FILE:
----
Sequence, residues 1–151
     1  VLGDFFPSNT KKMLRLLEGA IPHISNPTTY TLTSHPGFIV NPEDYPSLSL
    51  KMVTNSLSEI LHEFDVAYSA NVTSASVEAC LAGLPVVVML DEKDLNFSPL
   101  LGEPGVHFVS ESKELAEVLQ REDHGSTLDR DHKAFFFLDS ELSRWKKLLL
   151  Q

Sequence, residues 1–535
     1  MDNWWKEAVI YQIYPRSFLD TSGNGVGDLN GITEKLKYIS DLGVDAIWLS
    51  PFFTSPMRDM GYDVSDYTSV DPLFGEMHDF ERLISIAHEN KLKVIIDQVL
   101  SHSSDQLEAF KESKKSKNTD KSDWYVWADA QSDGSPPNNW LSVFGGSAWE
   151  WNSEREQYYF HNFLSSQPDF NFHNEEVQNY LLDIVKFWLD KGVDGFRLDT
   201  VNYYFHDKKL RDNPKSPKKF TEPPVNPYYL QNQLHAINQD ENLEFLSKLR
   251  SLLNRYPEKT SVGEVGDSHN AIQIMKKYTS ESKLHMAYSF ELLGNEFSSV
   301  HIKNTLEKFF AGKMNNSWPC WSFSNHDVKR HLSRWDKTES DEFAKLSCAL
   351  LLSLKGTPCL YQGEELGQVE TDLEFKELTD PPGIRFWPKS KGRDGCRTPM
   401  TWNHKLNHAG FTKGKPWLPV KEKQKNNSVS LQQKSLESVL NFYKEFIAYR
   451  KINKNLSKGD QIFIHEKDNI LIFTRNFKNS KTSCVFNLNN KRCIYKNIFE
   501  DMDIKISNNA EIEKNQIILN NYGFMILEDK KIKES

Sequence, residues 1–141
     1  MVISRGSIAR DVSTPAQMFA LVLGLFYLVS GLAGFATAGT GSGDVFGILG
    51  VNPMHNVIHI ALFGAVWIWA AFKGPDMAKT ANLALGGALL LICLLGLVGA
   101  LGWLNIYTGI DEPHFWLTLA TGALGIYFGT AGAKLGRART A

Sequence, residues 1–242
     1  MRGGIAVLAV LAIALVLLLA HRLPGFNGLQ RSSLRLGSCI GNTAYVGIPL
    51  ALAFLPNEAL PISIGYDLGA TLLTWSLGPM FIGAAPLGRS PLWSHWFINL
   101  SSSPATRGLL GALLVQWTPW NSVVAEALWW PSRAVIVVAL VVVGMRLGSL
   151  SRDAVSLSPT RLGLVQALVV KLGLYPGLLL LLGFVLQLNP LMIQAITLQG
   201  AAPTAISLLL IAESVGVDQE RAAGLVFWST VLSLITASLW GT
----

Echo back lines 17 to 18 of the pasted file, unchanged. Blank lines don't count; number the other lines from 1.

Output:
   501  DMDIKISNNA EIEKNQIILN NYGFMILEDK KIKES

Sequence, residues 1–141